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LoR writer not responding

royalrangeroyalrange Registered User Posts: 25 New Member
edited December 2016 in Graduate School
I submitted my application for a few schools with Dec 15 deadlines a while ago. One of my letter writers still hasn't submitted anything yet. I called these schools and they said they generally give letter writers until early January to submit letters but I fear that they will start looking at applications right away.

The letter writer in question has become unresponsive. What's worst is that I found out that this letter writer is on leave and won't be back until mid-late January. They might not even submit to the schools with Jan 15 deadlines that I am applying to shortly. The only way I can contact them is through email, but I have written to them and haven't heard anything back. My letter writer probably completely forgot about me.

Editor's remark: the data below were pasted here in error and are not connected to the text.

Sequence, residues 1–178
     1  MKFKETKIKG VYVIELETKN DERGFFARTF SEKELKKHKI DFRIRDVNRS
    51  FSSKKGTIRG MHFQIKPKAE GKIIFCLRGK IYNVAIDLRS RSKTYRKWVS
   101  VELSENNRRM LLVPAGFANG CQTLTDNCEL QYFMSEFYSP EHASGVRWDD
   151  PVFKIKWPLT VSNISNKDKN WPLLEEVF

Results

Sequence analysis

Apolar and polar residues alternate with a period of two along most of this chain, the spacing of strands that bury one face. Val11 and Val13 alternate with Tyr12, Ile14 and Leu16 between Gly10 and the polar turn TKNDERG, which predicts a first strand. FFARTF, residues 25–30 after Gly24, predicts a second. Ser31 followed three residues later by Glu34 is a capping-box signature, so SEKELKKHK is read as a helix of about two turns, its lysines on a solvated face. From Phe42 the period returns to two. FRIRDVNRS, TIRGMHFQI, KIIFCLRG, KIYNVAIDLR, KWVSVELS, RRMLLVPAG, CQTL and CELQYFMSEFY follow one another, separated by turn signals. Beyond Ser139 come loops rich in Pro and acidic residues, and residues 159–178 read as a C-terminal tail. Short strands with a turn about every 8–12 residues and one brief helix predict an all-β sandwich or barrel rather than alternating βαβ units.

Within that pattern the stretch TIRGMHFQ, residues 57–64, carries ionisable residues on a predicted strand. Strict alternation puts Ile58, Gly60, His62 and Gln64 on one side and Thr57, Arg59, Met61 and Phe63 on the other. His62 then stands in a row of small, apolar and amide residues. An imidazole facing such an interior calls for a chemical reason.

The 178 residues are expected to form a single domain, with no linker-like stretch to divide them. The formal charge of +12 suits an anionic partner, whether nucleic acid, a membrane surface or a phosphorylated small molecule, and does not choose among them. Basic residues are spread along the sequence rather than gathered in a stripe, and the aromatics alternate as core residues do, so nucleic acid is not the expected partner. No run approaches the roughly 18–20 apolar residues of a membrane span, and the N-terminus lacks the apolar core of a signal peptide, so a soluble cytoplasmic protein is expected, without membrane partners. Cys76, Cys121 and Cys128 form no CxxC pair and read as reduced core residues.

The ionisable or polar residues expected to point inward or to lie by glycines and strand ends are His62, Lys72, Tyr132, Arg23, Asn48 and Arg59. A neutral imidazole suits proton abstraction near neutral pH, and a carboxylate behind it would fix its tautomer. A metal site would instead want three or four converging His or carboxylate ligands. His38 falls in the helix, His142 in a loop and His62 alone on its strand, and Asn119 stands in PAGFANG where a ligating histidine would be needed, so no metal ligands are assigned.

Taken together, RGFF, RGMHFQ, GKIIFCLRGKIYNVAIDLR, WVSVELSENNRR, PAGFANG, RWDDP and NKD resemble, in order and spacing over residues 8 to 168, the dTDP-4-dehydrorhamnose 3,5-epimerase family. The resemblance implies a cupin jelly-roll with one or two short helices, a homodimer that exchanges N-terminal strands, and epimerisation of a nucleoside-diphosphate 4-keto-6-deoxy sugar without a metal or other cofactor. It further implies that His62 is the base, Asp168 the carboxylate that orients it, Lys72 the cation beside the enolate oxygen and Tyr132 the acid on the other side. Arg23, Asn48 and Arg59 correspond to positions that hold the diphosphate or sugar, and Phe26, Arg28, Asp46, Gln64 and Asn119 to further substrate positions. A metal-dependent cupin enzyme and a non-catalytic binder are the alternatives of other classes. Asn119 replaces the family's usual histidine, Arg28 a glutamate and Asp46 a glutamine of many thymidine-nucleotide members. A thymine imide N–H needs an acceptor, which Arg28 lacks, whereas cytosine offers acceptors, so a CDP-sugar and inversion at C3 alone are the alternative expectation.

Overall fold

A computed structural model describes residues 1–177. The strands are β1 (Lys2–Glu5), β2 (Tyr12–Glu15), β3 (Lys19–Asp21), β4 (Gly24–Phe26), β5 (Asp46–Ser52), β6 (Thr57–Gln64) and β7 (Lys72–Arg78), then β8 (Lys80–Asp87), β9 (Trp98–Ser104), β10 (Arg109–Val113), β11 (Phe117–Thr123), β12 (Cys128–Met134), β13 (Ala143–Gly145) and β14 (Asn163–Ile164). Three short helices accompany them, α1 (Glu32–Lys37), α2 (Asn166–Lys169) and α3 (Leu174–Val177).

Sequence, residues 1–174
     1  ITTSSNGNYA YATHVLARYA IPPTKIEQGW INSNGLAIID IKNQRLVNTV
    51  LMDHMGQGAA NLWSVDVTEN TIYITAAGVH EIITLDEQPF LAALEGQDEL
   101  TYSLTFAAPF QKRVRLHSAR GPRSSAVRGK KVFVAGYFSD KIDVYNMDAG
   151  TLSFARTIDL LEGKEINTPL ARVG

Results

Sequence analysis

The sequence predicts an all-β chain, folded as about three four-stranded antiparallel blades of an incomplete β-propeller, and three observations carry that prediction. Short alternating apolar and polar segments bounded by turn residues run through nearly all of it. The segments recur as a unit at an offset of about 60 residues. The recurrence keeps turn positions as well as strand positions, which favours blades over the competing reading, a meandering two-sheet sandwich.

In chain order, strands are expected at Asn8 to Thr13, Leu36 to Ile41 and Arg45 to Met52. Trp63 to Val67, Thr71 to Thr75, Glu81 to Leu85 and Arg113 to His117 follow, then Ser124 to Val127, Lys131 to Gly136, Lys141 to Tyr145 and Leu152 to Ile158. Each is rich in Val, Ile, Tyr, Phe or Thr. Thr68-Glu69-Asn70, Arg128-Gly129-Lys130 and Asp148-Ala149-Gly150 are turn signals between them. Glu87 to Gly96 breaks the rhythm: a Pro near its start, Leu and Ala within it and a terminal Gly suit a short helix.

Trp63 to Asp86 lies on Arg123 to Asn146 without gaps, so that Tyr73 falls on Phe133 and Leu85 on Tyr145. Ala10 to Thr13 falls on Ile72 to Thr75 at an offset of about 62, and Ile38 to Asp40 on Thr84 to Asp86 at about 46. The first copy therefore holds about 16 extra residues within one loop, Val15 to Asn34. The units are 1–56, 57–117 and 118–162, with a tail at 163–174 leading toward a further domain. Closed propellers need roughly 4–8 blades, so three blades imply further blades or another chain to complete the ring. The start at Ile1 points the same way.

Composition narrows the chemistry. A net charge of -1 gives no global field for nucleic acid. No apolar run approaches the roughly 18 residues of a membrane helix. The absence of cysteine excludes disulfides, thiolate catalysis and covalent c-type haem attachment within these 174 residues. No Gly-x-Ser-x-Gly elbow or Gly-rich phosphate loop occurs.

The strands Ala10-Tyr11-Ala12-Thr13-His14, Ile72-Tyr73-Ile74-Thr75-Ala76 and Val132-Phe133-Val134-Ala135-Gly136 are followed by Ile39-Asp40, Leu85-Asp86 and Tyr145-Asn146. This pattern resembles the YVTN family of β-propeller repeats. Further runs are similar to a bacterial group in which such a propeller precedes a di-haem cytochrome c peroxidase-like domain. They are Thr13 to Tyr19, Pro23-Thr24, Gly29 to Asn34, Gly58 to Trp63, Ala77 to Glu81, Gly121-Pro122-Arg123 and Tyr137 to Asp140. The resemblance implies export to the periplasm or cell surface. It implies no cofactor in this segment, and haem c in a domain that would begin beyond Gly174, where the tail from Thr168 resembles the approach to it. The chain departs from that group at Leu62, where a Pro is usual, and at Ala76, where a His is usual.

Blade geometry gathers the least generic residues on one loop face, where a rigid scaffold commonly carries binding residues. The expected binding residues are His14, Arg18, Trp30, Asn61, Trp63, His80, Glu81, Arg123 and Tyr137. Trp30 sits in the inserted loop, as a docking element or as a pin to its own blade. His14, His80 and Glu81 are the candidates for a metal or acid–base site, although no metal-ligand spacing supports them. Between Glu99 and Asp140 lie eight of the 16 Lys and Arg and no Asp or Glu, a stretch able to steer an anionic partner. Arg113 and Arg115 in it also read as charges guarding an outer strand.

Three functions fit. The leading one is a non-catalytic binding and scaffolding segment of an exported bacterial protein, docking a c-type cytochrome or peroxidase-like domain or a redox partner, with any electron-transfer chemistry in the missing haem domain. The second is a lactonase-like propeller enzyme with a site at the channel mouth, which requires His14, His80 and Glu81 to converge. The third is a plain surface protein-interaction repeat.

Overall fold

I don't want to not attend graduate school just because a letter writer never submitted anything. I have spent too much effort on this. I have struggled every day, balancing work, which takes up almost the whole day, with graduate applications, and I have sacrificed, for the most part, a year to two of my life for this pursuit. I have never stopped thinking about this for the past one to two years. Every day, every hour, every minute, and every second is becoming increasingly painful.

I don't know what the hell to do if I get rejected by all places I apply to. I don't know any other professor that well at my old institution, and the department will be closed for the Christmas break anyway. My last resort is to ask for an LOR from a work colleague and request a referee change from those schools, but LORs from employers in non-research settings aren't all that valued.